Imagine losing your wedding ring two days after your wedding. Well, that’s what happened to former Idaho Statesman sports columnist Brian Murphy, who lost his ring in Payette Lake just 48 hours after saying “I do” to Melissa McGrath, also a former Statesman reporter.
It’s a good story to tease Murphy with for years to come at family gatherings, McGrath said, and now it has a happy ending. Last week, a friend of a friend saw Arthur Stock Jr.’s post on the Valley Community Classifieds and Bulletin’s Facebook page, and the ring is on its way home.
“The biggest lesson is how small the world is,” Murphy said. “The reach of social media is just incredible.”
A friend of a friend of McGrath’s noticed Stock’s post: “Is anyone familiar with a ‘Murph + Melissa’ who were married last year 6-28-14? I had found this ring in the lake.”
“Shocked is the best word,” Murphy said. “I just assumed that it would never be found, especially because we looked so hard for it.”
Stock owns a small construction company in McCall. He found the ring while diving and doing maintenance on docks between Mile High and Legacy marinas about three weeks after Murphy lost the ring. It was about 70 feet from where Murphy lost it.
“I was running my hand under some sediment on the lake bottom, and the ring just jumped out into my hand,” Stock said. “It’s like it wanted to be found.”
Murphy and McGrath got hitched in Meridian on June 28, 2014. On the following Monday they spent the day in McCall with family and friends, jet skiing, boating and relaxing.
Murphy tried paddleboarding for the first time. On one of his falls into the chilly water, he felt something.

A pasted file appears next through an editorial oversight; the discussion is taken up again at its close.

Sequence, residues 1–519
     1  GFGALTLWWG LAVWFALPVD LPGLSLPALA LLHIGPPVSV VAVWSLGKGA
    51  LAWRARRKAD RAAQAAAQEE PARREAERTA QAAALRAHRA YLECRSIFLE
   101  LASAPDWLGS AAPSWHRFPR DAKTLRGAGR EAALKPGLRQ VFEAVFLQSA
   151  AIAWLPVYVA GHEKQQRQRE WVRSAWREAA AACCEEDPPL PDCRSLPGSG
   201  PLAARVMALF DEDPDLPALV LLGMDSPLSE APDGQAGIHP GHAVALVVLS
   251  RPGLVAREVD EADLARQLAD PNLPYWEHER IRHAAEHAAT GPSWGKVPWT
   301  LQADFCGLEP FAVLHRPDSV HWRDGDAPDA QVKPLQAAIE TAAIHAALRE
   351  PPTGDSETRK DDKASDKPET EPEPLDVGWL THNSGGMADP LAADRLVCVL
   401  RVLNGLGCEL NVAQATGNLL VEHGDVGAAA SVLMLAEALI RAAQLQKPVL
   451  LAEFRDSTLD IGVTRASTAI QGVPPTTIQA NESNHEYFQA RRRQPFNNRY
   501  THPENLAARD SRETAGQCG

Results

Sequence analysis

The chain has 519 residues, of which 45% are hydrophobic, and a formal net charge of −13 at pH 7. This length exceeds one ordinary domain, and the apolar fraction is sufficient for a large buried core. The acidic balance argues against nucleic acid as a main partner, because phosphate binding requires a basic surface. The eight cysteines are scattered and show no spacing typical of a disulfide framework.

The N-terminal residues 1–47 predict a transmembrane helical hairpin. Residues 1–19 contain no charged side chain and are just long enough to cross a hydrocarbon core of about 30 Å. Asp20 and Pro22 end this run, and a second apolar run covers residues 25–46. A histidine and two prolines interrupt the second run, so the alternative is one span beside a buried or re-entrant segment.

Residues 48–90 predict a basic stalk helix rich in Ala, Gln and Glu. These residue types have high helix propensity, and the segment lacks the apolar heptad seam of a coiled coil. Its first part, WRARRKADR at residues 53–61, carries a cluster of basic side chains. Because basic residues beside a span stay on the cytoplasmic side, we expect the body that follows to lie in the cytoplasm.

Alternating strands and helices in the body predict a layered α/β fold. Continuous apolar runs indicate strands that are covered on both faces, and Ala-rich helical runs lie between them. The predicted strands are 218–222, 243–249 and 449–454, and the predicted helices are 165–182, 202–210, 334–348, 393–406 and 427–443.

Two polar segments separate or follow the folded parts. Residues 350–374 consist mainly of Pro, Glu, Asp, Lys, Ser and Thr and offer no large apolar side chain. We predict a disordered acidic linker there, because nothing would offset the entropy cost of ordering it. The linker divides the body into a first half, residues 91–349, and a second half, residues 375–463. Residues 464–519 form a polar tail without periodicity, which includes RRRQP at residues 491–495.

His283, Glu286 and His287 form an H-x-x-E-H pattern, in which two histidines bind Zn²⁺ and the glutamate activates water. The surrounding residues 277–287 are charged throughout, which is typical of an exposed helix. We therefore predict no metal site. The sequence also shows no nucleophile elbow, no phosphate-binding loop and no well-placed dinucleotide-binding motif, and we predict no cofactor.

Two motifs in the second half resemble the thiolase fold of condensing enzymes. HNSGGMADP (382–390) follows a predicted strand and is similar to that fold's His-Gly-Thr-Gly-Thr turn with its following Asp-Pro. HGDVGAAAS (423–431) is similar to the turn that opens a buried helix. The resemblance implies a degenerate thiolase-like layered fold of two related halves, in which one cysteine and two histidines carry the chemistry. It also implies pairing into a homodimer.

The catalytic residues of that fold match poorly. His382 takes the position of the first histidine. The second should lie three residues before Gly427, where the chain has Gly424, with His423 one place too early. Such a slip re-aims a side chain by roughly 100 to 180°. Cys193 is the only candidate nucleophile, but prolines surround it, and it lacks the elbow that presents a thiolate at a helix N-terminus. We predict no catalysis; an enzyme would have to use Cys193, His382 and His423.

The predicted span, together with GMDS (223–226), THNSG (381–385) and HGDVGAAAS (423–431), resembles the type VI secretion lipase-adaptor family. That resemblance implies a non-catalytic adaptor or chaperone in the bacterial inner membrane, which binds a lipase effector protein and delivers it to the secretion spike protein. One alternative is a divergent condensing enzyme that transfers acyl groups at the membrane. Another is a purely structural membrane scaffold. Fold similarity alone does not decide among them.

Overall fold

“Something brushed by my hand, but didn’t realize what it was until later,” Murphy said. “Melissa and I were walking back to her parents’ cabin. I looked down and the ring was gone.”
He went back to the dock with his new father-in-law and some cousins and dove for three hours looking for it.
“He came back pretty distraught,” McGrath said.
Since then the couple moved to northern Virginia for McGrath’s job with the Council of Chief State School Officers in Washington, D.C. Murphy is now the digital editor for the Free Lance-Star in Fredericksburg, Va.
They resigned themselves to the idea that the ring was gone. They had a duplicate made, complete with their inscription, and bought a cheaper version of the ring for Murphy to wear when traveling and swimming — “just in case,” McGrath said.
Stock posted his find on Facebook originally in July 2014, but nothing came of it. He said he ran across the ring again and decided to give it another go.
This wasn’t Stock’s biggest find. He was heavily involved with the search for Dale Smith’s small airplane that crashed near Yellow Pine on Dec. 1, 2013, with four other family members aboard. Stock used Facebook then to help coordinate searchers. Stock and Smith’s brother, Dellon, were the two who finally discovered the snowbound wreckage and the bodies of the Smith family six weeks later.
“Facebook is pretty cool,” Stock said. “It really brings people together.”